Wander around the city’s Old Jewish Quarter
The Jewish Quarter is one of Girona’s most symbolic neighbourhoods. Located in the Força Vella, a mighty fortress built by the Romans in the 1st century BC, it comprises narrow cobbled streets, secret archways and tunnels, as well as secluded patios. One of the best preserved Jewish quarters in the world, it shouldn’t be missed.
Look up in amazement at Girona Cathedral
Sitting atop a throne of 91 stone steps, Girona Cathedral towers over the city and sits within the centre of the Força Vella. It was built between the 11th and 18th centuries, and today features a variety of architectural styles including a Romanesque cloister and an elegant Baroque façade. The cathedral is also home to the widest Gothic nave in the world at 23 metres.
Catedral de Girona, Plaça de la Catedral, Girona, Spain +34 972 42 71 89
Visit the Ancient Arab Baths
An imitation of the Medieval Moslem baths, the Romanesque Banys Àrabs in Girona date all the way back to the 12th century. Visitors can still go inside and visit the various rooms, which include a changing room with octagonal pool, cold room, warm room and caladium or steam bath.
Banys Àrabs, Carrer de Ferran el Catòlic, Girona, Spain +34 972 19 07 97
Marvel at the colourful houses along the River Onyar
There’s no view more photogenic in Girona, than the multi-coloured houses lining the sides of the River Onyar. Think mustard and sunflower yellows, crimsons, Seville oranges and burnt tangerines; intersected by bridges, one of which, the Vermelles Bridge, was built by the Eiffel company in 1827.
‘Take Action’ at the Cinema Museum
Dedicated to the world of the moving image, the Girona Cinema Museum was the first of its kind in Spain when it opened in 1998. The majority of objects belonged to the Tomàs Mallol collection of pre-cinema and cinema objects, comprising approximately 20,000 pieces. The objects date from the mid-seventeenth century to 1970 and include Chinese theatrical lanterns and shadow puppetry, optical boxes, 98 cameras plus images from children’s films.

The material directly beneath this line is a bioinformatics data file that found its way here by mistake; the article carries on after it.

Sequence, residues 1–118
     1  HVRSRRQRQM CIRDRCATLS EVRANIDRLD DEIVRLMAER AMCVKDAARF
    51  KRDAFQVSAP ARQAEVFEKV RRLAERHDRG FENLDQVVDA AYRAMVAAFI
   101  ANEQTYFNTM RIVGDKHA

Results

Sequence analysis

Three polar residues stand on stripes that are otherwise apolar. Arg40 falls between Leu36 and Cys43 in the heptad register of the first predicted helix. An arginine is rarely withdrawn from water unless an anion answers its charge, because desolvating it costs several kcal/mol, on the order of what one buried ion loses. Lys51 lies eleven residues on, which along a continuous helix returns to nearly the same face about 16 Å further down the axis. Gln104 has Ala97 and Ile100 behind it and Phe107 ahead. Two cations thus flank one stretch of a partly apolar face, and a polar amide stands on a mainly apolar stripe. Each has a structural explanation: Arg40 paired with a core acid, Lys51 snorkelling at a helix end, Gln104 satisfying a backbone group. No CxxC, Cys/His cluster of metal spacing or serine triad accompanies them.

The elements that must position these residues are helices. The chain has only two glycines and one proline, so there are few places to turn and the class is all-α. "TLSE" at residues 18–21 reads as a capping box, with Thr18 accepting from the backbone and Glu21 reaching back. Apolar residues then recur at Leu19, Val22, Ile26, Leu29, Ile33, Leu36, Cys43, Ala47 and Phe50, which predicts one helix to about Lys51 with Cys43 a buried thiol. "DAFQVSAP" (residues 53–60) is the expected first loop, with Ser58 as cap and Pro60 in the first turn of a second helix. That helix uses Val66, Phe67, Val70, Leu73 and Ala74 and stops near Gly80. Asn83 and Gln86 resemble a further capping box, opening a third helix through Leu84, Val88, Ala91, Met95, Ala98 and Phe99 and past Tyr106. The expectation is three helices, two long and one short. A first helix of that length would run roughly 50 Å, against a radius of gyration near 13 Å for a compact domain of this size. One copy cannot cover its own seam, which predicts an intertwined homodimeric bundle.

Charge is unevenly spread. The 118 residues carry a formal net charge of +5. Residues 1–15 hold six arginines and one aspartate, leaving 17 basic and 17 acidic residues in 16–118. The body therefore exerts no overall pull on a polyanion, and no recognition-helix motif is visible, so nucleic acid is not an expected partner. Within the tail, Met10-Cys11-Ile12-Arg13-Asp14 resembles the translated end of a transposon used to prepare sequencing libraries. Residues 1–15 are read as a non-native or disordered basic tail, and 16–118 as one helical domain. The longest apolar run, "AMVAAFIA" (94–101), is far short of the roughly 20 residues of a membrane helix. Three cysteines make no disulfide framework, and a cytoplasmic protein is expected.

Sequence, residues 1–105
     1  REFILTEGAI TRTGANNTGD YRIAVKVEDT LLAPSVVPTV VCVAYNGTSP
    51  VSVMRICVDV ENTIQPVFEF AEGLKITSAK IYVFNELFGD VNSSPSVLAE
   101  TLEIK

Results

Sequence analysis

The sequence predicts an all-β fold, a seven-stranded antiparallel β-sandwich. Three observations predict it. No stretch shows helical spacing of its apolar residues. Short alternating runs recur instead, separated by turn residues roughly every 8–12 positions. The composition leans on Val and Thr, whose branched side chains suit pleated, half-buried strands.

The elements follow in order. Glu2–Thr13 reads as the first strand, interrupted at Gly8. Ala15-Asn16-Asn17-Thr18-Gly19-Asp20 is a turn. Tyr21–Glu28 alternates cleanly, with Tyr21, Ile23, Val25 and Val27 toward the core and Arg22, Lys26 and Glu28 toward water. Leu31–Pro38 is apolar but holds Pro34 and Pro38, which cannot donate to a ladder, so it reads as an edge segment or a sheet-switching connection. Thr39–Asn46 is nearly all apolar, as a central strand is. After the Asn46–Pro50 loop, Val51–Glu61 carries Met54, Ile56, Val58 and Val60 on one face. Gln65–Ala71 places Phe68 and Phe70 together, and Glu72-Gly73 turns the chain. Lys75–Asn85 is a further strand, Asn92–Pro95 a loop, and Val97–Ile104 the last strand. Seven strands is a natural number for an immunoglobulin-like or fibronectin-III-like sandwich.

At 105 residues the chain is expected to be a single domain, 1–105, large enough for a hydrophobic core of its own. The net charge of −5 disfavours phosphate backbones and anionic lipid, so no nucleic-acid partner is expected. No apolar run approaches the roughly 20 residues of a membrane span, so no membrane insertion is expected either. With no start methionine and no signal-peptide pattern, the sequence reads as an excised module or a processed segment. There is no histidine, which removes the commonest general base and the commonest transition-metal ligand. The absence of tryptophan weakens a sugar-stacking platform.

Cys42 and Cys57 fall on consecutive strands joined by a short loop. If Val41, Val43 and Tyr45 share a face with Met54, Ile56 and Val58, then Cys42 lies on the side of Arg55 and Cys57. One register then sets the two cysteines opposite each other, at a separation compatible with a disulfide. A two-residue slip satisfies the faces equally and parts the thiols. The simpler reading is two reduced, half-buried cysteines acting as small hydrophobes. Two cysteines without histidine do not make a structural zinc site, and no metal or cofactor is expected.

Take a wander around the Girona Art Museum
Housed in the old Episcopal Palace, the museum features one of the most important collections of Romanesque and Gothic art in Catalonia. As well as these two styles, visitors will be able to see Roman, Renaissance, Baroque, Realism and Modernisme. Don’t forget to take your eyes off the art to look around at the palace too – your tour will take you through the throne room, the Episcopal prison, and the Bishop’s Chapel.
Walk the Passeig Arqueològic
The Passeig Arqueològic follows the city’s ancient medieval walls, some of which are the longest sections of Carolingian walls in Europe, built during the 9th century. Along the way visitors will be able to enjoy spectacular city views, the old Arabic Baths and tranquil leafy gardens.
Dine in one of the world’s best restaurants – El Celler De Can Roca
Winner of ‘World’s Best Restaurant’ in 2013 and 2015, El Celler de Can Roca is still top of its game and has three Michelin stars. Currently at number two on the list, it’s run by the Roca brothers and serves up creative and innovative dishes, but always with classic Catalan home cooking at its core. If you plan on going to Girona and want to dine here, be prepared to put your name on the waiting list up to 11 months in advance.
Learn all about the origins of the city at the Girona History Museum
The Girona History Museum takes visitors on a journey from the city’s beginnings to its modern day, tracing its history back from the first human remains found in the area, to the founding by the Romans, the medieval period and through to the 19th century, the Civil War, the Franco dictatorship and beyond. There is a room dedicated to the Spanish Civil War, as well as one that looks at Girona’s culture such as the traditional sardana dances and cobla bands. The building itself is also worth a look, containing remnants of a late 2nd century or early 3rd century Roman wall.